She Loves Me

She loves meTherry Dramatic Society. Arts Theatre. 6 June 2014

There have been so many good musicals on in the last year that I was hoping this one would be a stinker so I could once again show off my acerbic wit and biting satire.  How disappointed I was to instead be in the presence of perhaps the most delightful musical of them all.

She Loves Me has at its heart yearning and unrequited love, and all the accidents and misfortune that go with it. 


We join the service staff of a quaint and charming parfumerie of 1930s European vintage as they greet each other in the early morning for another day at work.  The musical is based on Miklos Laszlo's play set in his own time in his native Budapest.  The play has inspired three movies - including 1998's You've Got Mail - and this 1960s Broadway musical by Joe Masteroff, Sheldon Harnick and Jerry Bock which you must see at the Arts Theatre.

A young woman sings her way into a job in the cozy shop much to the chagrin of the manager.  It turns out they have been corresponding anonymously for some time, and how they twig onto that is the main business of the narrative.

I had a smile on my dial from start to finish.  Did anyone see Kneehigh Theatre's Brief Encounter last year?  She Loves Me has all the quirkiness, kindness, sadness, magic and love of that superb professional production.  Musical Director Martin Cheney and his orchestra handled the sharp changes in style with alacrity - from Hungarian waltz to Bolero.  The unexpected was expected.  Director Patsy Thomas perfectly cast the show and with choreographer Madeline Edwards had the whole thing moving beautifully.  It was enchanting, captivating and exquisite.

The entire cast was evenly strong in all of voice, movement and realisation of character.  Lauren Potter, as one of the correspondents, and Sarah Nagy, involved in a misjudged love subplot, exuded incredibly vivacious and nuanced personae, and sang me into another world.  I just loved them both.  James Reed as the manager and co-respondent needed to demonstrate subtle, yet open emotional turmoil, which he did with clarity.  The busy Buddy Dawson was once again awesome, this time as a cad.  His dancing and vocals skills were shining and his unique use of speaking voice was masterful.  Tim Taylor as the eldest employee easily engendered compassion and his musical number was quite different.  John Greene made Mr Maraczek a character easy to empathise with.  Andrew Crayford dangerously could steal every scene he is in and Mitchell Smith as the young and ambitious delivery boy projected a fetching optimism.  Buddy Dawson's exit dance scene with a cane was a highlight.  Potter's and Reed's ice cream scene with all that business in the tiny bedroom was a scream, and Nagy's comic vignettes were terrific.  All the other parts were performed to a comic, movement and musical T.  Bravo to you all!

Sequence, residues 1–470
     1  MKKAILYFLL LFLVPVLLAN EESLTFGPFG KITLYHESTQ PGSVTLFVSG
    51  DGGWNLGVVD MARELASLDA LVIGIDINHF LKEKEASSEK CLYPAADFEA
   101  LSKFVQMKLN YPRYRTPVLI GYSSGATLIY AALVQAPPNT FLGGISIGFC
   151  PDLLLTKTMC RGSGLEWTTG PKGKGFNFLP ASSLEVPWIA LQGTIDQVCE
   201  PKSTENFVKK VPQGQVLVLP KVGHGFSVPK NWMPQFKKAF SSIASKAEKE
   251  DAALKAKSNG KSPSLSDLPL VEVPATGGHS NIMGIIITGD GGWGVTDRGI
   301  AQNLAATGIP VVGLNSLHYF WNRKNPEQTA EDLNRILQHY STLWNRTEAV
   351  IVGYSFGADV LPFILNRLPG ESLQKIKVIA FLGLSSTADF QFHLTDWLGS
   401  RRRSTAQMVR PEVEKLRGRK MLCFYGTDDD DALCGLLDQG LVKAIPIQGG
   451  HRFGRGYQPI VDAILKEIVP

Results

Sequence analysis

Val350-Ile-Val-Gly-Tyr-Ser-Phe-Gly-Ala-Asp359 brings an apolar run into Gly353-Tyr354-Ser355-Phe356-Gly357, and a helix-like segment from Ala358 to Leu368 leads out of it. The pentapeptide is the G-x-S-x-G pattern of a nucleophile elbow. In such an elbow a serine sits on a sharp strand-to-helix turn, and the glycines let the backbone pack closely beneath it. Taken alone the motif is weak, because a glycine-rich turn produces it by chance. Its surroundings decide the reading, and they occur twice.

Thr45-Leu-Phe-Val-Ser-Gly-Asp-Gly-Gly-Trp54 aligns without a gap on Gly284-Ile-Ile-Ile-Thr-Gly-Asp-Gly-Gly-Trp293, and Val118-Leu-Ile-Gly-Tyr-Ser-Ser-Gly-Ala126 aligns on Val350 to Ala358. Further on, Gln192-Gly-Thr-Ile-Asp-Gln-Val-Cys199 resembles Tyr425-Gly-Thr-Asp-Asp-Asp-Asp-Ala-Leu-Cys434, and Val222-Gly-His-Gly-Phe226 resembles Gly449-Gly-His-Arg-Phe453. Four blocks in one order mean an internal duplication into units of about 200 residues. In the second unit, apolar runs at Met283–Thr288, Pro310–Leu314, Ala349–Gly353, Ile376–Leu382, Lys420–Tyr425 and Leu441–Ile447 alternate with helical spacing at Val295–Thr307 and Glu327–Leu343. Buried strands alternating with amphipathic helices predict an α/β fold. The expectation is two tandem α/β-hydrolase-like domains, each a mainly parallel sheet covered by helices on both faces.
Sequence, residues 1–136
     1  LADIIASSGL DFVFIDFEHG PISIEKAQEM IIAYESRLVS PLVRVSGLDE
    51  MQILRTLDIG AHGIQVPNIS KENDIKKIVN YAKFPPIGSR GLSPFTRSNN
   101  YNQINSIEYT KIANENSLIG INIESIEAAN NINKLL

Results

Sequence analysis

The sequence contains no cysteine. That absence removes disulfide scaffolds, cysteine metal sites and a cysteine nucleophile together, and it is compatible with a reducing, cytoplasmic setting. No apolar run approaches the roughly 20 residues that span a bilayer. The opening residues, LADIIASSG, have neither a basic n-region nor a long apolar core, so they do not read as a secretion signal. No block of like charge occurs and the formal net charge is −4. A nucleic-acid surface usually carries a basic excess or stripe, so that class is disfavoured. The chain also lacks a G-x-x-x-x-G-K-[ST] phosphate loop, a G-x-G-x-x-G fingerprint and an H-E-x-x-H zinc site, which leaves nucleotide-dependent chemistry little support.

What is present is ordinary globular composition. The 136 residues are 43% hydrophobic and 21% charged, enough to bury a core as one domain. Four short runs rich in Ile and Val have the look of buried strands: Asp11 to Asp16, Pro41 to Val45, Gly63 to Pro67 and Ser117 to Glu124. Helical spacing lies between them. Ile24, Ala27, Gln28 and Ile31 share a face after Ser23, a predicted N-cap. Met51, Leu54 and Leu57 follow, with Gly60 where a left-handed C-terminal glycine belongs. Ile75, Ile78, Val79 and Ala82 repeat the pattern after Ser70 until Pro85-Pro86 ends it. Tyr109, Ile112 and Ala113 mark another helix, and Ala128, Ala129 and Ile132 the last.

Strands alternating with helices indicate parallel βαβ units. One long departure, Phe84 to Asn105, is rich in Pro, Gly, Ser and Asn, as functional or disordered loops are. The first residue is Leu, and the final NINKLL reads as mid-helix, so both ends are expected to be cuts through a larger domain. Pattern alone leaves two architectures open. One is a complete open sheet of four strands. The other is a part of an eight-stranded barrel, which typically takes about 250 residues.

And the costumes!  My word.  Chief costumier Gilian Cordell and her crew have a show to really be proud of.  The '30s frocks and coats, and Mr Maraczek's and Kodaly the cad's suits were absolutely impeccable.  Each and every shopper was dressed for the high street.  Norman Caddick's and Patsy Thomas's parfumerie was such a detailed and functional facsimile that I wanted to shop there.

As for the director and for actors, the job is to find the humour, find the love and find the conflict in each and every scene.  She Loves Me has done it for me, with lyricism and debonair flare.  Double Bravo!     

David Grybowski

When: 5 to 14 June
Where: Arts Theatre


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